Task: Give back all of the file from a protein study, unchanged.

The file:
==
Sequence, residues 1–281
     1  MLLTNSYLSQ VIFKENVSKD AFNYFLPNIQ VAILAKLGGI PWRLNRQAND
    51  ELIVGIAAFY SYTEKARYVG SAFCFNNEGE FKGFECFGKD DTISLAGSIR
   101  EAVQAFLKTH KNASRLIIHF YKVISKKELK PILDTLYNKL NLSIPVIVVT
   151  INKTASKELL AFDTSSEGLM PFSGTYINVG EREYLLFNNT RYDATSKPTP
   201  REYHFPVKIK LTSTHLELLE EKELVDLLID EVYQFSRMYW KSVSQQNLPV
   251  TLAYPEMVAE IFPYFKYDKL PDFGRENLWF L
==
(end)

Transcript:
Sequence, residues 1–281
     1  MLLTNSYLSQ VIFKENVSKD AFNYFLPNIQ VAILAKLGGI PWRLNRQAND
    51  ELIVGIAAFY SYTEKARYVG SAFCFNNEGE FKGFECFGKD DTISLAGSIR
   101  EAVQAFLKTH KNASRLIIHF YKVISKKELK PILDTLYNKL NLSIPVIVVT
   151  INKTASKELL AFDTSSEGLM PFSGTYINVG EREYLLFNNT RYDATSKPTP
   201  REYHFPVKIK LTSTHLELLE EKELVDLLID EVYQFSRMYW KSVSQQNLPV
   251  TLAYPEMVAE IFPYFKYDKL PDFGRENLWF L